Austerity, Stimulus and Beyond
In case you’ve been following the discussion here about austerity and stimulus or microeconomic vs. macroeconomic ideas for ending the global recession, the following might be interesting.
Check out the April 28, 2012 issue of The Economist, which had Francois Hollande on the cover with the headline, “The rather dangerous Monsieur Hollande.”
The Economist is a center right publication and my impression is that the editorial board are not believers in Keynesian economics. Nonetheless, a column on page 61, “Charlemagne,” had this to say about austerity: “Germany’s predilection for all-round austerity is a mistake, with financial markets now worried as much about deep recession as about deficits.”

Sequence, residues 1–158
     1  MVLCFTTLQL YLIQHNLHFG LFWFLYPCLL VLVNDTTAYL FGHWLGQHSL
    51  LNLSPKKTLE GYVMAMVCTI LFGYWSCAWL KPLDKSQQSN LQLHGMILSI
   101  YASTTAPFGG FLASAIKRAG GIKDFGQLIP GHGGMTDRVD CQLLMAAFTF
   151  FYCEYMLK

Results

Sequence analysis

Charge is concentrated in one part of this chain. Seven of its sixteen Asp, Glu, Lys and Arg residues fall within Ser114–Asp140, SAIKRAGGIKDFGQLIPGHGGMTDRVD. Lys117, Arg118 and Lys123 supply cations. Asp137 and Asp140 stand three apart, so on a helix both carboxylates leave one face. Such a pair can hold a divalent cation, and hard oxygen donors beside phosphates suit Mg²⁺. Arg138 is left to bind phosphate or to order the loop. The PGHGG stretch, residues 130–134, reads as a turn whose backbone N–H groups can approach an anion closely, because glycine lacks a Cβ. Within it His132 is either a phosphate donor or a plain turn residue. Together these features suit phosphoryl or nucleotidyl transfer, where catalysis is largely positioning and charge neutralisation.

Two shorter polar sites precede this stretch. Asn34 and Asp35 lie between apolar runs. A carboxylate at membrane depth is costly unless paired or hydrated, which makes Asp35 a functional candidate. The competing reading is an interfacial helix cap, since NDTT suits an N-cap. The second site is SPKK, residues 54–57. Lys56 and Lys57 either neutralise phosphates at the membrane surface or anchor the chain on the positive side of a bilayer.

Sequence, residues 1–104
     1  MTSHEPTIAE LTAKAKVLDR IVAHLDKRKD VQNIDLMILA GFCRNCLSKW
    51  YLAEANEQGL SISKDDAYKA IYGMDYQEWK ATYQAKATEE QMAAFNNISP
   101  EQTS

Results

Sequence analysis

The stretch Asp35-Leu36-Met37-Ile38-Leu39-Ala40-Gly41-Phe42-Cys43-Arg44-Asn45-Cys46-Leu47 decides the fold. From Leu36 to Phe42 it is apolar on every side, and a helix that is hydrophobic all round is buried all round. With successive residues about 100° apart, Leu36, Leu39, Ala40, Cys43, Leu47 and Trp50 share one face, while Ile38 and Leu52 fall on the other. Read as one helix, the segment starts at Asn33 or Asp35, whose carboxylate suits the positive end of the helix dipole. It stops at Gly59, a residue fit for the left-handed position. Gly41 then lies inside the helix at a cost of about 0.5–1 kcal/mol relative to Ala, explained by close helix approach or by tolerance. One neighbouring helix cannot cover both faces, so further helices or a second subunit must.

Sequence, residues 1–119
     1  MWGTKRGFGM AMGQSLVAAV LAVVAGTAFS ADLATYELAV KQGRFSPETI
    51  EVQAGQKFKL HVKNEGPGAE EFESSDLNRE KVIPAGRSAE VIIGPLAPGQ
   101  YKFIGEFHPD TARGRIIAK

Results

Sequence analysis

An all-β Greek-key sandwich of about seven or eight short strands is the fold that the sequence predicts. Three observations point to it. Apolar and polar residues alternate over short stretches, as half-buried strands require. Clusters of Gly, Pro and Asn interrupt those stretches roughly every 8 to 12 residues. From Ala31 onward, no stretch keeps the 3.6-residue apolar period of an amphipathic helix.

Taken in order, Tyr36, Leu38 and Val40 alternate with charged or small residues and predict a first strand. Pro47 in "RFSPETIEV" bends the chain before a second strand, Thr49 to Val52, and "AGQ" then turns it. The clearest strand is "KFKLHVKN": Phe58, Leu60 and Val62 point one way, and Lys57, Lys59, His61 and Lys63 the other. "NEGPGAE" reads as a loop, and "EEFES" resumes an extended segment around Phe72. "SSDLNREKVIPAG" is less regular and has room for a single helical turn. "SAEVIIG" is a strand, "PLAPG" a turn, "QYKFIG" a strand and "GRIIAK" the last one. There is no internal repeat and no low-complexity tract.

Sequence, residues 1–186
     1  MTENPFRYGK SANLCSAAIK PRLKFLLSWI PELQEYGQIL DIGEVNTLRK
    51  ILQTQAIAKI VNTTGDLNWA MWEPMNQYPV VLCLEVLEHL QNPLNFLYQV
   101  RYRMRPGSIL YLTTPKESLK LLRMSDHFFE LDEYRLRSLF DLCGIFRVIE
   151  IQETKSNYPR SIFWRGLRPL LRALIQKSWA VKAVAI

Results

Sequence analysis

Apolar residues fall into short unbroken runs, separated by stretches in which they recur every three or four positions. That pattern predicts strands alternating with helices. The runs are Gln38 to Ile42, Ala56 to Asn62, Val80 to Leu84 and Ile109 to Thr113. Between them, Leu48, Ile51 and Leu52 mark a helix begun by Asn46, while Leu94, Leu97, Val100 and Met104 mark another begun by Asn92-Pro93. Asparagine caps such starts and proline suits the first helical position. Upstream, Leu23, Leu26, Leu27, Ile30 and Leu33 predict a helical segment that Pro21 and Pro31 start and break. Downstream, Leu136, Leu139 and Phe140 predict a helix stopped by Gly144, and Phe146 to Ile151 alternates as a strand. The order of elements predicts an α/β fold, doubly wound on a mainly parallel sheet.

Austerity is a negative stimulus to an economy. Less money circulating means more unemployment, which means more people falling into the social safety net, which means more deficits. It’s better to have deficits that serve the broader purpose of stimulation than to simply spend on supporting the dole.